All engines provide plenty of pace, and because the SLK is so desirable, resale values are rock-solid. The cabin is smart, too, and the folding roof a real attraction
The SLK is a costly car to buy and isn't as much fun as a Porsche Boxster. The seat cushions don't provide enough support and the brilliant Airscarf system isn't standard
What it’s like to drive, and how quiet it is
Mercedes-Benz SLK performance
In keeping with the sporty intentions of the SLK, all versions have a six-speed manual gearbox, while the minimum horsepower on offer is 161 from the 2.0-litre (supercharged) Kompressor, so all versions shift. The 2.3 Kompressor warms things up some more but the real performance comes from the 3.2 V6 and the SLK 32 AMG.
Mercedes-Benz SLK ride & handling
The promise of a lithe sports car suggested by the SLK's compact size isn't quite delivered. There's laziness in the steering, some body roll in bends, and the car isn't as light as it should be. Pay back is in the form of a smooth highway ride, even with the roof down. The AMG puts some strain on the chassis.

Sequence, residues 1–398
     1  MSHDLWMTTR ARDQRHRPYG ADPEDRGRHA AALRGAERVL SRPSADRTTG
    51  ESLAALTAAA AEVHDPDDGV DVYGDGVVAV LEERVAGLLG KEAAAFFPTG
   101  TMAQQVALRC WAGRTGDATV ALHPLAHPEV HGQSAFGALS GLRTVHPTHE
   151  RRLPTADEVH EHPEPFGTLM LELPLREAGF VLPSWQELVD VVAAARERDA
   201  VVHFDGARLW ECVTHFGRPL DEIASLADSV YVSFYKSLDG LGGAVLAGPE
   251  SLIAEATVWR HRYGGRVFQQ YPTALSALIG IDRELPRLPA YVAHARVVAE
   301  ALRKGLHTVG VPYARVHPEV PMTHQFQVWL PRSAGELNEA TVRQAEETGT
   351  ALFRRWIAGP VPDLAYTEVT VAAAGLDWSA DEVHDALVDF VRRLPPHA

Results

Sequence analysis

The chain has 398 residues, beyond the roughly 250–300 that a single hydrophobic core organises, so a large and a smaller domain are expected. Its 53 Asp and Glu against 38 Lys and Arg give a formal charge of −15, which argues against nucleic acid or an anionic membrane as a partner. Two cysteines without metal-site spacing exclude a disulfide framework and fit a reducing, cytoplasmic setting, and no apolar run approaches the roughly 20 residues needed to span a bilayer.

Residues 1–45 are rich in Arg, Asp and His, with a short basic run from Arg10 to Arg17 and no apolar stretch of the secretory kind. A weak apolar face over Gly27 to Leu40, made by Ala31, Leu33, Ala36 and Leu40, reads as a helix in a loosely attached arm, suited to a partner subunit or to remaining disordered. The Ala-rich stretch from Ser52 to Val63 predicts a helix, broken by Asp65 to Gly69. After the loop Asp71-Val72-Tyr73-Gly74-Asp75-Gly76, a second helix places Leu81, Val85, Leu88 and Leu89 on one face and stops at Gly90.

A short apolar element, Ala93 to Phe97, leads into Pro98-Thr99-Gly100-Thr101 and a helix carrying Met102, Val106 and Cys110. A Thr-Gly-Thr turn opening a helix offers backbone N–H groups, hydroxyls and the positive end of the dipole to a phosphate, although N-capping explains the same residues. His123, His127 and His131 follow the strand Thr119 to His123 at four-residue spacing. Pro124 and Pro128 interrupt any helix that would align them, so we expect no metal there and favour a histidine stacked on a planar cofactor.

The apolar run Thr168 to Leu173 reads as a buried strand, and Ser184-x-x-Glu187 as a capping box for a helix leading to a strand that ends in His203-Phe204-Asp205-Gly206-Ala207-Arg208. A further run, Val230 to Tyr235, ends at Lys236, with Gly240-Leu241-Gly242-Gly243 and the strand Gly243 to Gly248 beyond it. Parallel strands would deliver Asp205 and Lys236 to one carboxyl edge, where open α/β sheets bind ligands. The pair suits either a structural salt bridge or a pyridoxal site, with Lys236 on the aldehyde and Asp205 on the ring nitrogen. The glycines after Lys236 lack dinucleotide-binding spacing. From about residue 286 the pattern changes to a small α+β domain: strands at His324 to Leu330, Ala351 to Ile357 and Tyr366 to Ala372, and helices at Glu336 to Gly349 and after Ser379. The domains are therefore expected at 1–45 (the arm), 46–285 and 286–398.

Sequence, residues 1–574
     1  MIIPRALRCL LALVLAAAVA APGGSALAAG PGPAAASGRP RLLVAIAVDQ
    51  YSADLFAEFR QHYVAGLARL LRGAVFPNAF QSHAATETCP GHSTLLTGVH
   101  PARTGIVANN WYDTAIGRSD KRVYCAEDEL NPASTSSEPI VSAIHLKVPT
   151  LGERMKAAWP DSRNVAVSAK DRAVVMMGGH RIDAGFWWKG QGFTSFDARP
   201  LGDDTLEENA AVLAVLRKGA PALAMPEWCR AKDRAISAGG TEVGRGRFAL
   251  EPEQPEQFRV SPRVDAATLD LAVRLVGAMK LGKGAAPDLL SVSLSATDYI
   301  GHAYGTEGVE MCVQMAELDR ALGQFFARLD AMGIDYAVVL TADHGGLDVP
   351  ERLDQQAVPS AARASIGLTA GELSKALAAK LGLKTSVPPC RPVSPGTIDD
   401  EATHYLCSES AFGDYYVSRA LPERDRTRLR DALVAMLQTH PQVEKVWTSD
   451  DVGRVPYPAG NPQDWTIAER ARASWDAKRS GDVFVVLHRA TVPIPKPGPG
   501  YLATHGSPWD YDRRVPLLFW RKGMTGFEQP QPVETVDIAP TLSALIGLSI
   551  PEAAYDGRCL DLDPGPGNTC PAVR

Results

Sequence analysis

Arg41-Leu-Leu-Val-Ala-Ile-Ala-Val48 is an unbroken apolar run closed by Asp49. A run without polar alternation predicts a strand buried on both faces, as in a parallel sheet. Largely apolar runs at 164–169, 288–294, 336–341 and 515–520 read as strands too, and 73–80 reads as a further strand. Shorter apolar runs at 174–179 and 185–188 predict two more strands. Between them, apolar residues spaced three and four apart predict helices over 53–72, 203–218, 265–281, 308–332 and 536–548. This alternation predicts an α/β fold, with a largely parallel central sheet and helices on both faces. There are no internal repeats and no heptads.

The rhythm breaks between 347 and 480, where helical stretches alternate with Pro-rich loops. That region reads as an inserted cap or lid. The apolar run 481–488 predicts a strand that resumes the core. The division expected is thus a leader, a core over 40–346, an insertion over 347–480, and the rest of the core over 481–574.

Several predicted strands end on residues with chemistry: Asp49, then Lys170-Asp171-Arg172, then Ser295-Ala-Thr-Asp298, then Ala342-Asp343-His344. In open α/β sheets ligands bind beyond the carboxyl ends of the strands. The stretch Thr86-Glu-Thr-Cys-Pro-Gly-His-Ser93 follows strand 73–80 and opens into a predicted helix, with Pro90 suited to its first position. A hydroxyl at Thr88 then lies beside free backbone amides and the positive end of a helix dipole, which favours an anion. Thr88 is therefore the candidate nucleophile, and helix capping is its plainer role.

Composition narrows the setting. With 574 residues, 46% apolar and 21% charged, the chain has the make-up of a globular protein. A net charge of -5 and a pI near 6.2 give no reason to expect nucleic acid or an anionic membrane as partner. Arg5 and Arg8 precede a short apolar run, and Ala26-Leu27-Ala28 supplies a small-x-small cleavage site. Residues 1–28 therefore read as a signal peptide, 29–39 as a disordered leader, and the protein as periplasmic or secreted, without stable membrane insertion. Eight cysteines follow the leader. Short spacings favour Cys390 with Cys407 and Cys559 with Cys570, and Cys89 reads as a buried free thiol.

Mercedes-Benz SLK refinement
The SLK is impressively rigid for a roadster, even with the metal roof hidden away in the boot, and wind noise is well suppressed despite the presence of frameless windows. The well sealed cabin also shuts out road noise. The V6 engines are smooth and sweet-sounding; the two Kompressor units are not quite so sonorous when pushed.